Database of exome sequencing data
Over the last several years we have built the technical capacity for exome sequencing in mice and implemented this method of mutation identification in our Mouse Mutant Resource (MMR). We were the first to publish this approach for the discovery of mutations in the mouse genome (Fairfield et al., 2011, Genome Biology). Over 175 strains of mice with a variety of Mendelian diseases have been sequenced and analyzed using this technology. To maximize the usefulness of our sequencing data, we developed an analysis pipeline as well as a genetic variant database. The database currently houses over 4 million single nucleotide variants and small insertions or deletions, and provides a strain variation dataset of unprecedented breadth.
The database will be of high interest not only to the mouse genetics community but also to the human genetics community, which is increasingly reliant on mouse phenotype/genotype data to associate newly discovered rare variants with disease.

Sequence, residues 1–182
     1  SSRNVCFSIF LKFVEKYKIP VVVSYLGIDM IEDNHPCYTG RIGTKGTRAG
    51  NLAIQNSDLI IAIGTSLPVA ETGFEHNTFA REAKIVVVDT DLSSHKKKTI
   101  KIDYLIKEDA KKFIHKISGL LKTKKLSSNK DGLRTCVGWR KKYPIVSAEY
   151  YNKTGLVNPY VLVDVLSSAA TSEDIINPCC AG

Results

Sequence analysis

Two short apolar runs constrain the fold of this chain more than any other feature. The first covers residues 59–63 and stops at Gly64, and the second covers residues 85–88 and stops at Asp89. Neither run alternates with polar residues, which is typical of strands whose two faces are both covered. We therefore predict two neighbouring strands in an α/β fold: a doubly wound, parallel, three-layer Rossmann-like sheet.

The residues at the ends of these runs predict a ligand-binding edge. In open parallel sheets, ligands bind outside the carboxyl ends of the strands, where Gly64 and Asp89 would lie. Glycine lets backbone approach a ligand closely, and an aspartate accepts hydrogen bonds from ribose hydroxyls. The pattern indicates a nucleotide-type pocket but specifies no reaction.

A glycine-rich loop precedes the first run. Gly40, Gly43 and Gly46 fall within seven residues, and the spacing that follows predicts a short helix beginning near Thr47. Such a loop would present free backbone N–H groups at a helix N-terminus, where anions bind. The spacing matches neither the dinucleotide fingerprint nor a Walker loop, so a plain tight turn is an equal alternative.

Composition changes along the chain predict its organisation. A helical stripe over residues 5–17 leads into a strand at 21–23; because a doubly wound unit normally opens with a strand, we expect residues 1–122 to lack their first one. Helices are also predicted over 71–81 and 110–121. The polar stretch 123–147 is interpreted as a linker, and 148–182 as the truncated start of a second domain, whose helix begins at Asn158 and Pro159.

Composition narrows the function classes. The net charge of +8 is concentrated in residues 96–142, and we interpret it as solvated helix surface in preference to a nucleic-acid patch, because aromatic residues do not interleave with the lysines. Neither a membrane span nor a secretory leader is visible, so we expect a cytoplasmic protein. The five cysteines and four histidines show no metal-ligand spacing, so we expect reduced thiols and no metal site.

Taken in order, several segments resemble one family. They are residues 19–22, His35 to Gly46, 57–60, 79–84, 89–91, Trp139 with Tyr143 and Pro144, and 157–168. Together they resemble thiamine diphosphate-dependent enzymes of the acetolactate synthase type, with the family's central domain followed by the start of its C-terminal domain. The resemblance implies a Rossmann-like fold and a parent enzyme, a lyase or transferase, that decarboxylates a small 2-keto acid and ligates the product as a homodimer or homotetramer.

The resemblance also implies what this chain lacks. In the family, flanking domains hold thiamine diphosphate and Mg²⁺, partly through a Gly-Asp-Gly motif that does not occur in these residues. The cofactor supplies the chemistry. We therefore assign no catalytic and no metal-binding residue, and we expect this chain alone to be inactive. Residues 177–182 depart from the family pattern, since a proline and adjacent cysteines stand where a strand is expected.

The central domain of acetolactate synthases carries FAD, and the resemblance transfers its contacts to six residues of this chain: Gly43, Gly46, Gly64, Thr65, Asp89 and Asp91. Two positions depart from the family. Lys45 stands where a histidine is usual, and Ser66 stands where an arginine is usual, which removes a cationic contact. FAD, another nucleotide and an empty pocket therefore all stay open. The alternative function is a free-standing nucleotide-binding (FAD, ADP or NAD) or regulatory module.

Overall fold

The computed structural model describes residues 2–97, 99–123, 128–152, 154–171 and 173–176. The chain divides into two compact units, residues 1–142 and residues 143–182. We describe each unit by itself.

Our exome sequencing analysis pipeline runs the most current, well-established tools for alignment and SNV/INDEL calling, all of which have been customized for mouse exome sequencing. The pipeline generates an annotated VCF file and a data file containing essential statistics. These are both uploaded to the database, along with the sample data. The database uses the Clinical Genome Analytics framework and allows for custom data queries by strain or by phenotype. It also provides mutation-candidate nomination based on a series of rules that we’ve created from our prior experience finding causative mutations in mouse exome data. There are also several options for data downloading and sharing.
We’ve found that about 10% of the pathogenic mutations discovered are in novel mouse genes for which we now provide the first allele associated with a phenotype. While little is known about the function of these genes in mice, all are well conserved across vertebrates and importantly, in humans. Another 37% of the disease-causing mutations we identified are new alleles of genes that have yet to be associated with a human disease.